Blog

21 Mar
Derelicy Factory

Developing Housing on Employment Sites: A Beginner's Guide

The granting of residential planning permission on employment sites can present an excellent opportunity to increase land values and make higher returns on investments. In this blog we take a look at how this can be achieved and offer advice for those looking to profit.

What's the angle?

Although the allocation of employment sites is critical to realising long term development strategies within Local Planning Authority (LPA) areas, some sites may have been vacant for a period of time and have no genuine future in employment use. Releasing these sites for residential development can make a sustainable contribution towards the LPA's housing land supply, however, justifying the loss of employment land can be something of a challenge.

We have recently worked on a number of applications that approved building homes on sites which the Local Authority initial preferred to keep for employment development. Based on that experience, here is our advice for succeeding in such scenarios.

Understanding the wider context

As highlighted in a recent appeal decision in Northumberland, your chances of success will be significantly improved in situations where the LPA has both:

a) An undersupply of housing land; and
b) An oversupply of employment land.

It is likely that an Employment Land Report will be required to support any planning application, and we would advise having this prepared upfront. The report will need to draw out the above findings and assess the site's suitability for both future employment and residential land uses.

Marketing evidence

Most LPAs will require evidence of a comprehensive marketing exercise which demonstrates that the site is unsuitable for future employment uses. However, what constitutes ‘comprehensive' can vary, as highlighted within the following appeal decisions:

  • Uxbridge Road, Hillingdon (January 2013 - APP/R5510/A/12/2179209) In this case the Inspector accepted evidence relating to the unsuccessful marketing of the site for retail purposes. The evidence included various published advertisements by a local estate agent, along with a letter supplied from another estate agent stating that an assignee could not be found, and confirming that the property remained empty because of poor demand for Class A1 uses within this location.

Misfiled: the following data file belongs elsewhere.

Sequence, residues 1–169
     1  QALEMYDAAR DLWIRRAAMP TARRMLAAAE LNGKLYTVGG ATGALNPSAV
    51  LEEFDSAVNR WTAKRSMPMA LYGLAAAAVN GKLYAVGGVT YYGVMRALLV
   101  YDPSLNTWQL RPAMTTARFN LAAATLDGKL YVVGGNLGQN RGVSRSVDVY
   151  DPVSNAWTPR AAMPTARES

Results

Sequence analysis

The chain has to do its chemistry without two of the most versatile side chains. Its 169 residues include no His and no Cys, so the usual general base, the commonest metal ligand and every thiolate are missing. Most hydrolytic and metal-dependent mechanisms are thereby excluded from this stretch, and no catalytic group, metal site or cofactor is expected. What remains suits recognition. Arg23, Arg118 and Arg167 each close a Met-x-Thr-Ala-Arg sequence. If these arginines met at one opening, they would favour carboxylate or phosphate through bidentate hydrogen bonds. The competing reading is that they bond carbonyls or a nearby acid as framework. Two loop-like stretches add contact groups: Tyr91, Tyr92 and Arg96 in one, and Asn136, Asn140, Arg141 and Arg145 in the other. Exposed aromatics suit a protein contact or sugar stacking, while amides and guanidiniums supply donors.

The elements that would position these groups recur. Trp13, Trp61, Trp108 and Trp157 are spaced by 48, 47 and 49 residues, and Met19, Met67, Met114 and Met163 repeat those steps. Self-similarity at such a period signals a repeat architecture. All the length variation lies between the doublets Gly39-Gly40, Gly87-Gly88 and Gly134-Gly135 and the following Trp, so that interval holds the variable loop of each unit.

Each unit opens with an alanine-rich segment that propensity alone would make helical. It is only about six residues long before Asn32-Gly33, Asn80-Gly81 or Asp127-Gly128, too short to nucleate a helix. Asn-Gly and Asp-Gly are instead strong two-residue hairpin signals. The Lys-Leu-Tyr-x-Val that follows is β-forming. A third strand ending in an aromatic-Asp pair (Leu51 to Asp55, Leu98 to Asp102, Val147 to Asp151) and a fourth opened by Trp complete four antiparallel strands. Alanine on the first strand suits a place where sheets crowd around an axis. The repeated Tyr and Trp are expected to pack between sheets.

• Bassington Industrial Estate (August 2013 - APP/P2935/A/12/2188374) The Inspector in this appeal found that ‘the site has been marketed since September 2011 with no specified asking price. I am satisfied that the level of marketing has been sufficient to attract any potential purchasers. This evidence indicates that the market for employment land is currently relatively weak and there is little to show when the site would be significantly more attractive for employment use.'
  • Scaffold Hill Farm, Newcastle (July 2013 - APP/W4515/A/12/2186878) The Inspector agreed that as the site had been marketed on a continuous basis for over 14 years, ‘there is no realistic prospect of the land being delivered for employment uses'.

As these appeals show, there is no clear cut precedent regarding the requirement for marketing evidence (‘how long is a piece of string?' springs to mind), with different formats and periods of time being found acceptable in each case.

Within this context our advice for preparing evidence of marketing would be as follows:

  1. Agree boundaries with the LPA as to exactly what needs to be demonstrated through the marketing. This will avoid later queries and the request for additional evidence.
  2. Ensure that there are no gaps in time so that it can be demonstrated the marketing took place continuously over a specified period.
  3. Show that other land uses have been considered. This might mean showing that the site's details have been passed on to retail and public house agents, for instance.
  4. Keep a record and provide to the LPA full details of times, dates and contacts that the sales particulars were distributed to.
  5. Present the evidence in one digestible report, appending the evidence and highlighting key headlines.

Summary and advice

It's clear that opportunities do exist for employment sites to be released for housing, which could add significant value for the landowner/developer while enabling vacant sites to be brought back into productive use. However, due to the complexities surrounding the release of employment sites, it's certainly worth working with an experienced consultant to ensure that all relevant policy tests are addressed and a robust evidence base is assembled.

So whether you're looking to search for employment sites that could potentially be released for housing, or you're the owner of an employment site that you consider to be unsuitable for this purpose, get in touch with NJL Consulting today.

Image used courtesy of www.geograph.org.uk

Leave a Comment


See what our clients have to say about us